The 3,500 sq ft space, which is now operational, features a new 25kg roaster, climate-controlled storage room, and laser analysis unit, while the brand overall has seen a complete design overhaul, with a new "W" logo to appear on all of its shops, as well as its coffee packaging.
The roastery is set to open to the public as a shop, as well as offering visitors the chance to see the roastery in action, in the New Year.
The four-shop group, which is owned by founder James Dickson, has also re-designed the height and shape of its online-order coffee bags, with each re-sealable pouch now capable of fitting through any letterbox.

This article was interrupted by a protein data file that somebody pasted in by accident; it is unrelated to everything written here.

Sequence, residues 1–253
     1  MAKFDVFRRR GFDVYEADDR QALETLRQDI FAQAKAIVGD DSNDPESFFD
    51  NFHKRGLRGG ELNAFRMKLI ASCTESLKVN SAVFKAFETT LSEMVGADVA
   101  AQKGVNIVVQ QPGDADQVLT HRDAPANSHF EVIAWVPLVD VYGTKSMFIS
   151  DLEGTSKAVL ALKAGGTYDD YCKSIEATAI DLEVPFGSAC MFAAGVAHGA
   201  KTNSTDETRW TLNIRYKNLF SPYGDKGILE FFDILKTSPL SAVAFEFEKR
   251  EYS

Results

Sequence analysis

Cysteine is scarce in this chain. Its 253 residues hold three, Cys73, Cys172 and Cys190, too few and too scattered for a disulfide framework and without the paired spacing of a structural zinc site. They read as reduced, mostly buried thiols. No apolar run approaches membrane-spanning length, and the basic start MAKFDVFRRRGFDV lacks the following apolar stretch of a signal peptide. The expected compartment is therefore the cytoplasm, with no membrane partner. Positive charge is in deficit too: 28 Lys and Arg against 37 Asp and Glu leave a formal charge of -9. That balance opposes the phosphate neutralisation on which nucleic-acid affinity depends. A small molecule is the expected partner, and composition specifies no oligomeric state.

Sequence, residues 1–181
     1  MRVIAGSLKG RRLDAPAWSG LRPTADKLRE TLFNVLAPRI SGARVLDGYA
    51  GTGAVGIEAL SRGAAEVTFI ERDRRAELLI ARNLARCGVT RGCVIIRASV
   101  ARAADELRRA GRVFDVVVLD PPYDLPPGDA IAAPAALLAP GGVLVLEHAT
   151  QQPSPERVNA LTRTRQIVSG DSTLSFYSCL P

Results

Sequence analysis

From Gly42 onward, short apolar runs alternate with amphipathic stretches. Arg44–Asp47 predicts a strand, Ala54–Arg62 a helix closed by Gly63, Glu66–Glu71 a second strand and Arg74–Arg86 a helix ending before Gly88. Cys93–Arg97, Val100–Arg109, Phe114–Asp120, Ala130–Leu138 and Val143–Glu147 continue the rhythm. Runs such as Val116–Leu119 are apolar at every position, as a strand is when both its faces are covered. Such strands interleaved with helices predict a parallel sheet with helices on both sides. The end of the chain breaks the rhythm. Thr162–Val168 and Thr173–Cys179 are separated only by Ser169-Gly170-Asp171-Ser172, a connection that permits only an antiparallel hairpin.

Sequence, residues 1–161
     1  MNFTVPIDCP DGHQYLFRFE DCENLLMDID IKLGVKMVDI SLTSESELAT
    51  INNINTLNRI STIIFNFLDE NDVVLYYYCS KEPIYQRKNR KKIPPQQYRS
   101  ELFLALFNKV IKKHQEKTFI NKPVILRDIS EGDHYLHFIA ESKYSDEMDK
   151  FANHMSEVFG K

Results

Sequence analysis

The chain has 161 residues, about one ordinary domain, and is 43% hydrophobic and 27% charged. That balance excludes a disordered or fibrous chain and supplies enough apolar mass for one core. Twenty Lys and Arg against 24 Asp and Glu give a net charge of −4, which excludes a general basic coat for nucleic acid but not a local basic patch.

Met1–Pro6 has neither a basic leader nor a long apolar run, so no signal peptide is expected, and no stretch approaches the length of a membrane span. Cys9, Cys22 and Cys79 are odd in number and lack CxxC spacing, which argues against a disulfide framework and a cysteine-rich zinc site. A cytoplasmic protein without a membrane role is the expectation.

Workshop Coffee's head of production, Richard Shannon, commented: "With these resources we hope to better analyse, learn and develop our understanding and control of the different elements that help create the best coffee possible. Above anything else, Workshop Roastery will allow us to continue improving quality control, whilst also allowing us to meet the incredible demand we've had."
First launched in the UK in London's Clerkenwell by Dickson in 2011, Workshop Coffee used to be known as St. Ali (after the patron saint of coffee, Ali Ibn Umar al-Shadhili). It rebranded in 2012, with its parent company name changing from Long Black to Workshop Trading.
It now has four sites across London, comprising Clerkenwell, Marylebone, Holborn and Fitzrovia, plus the roastery in the east of the city.
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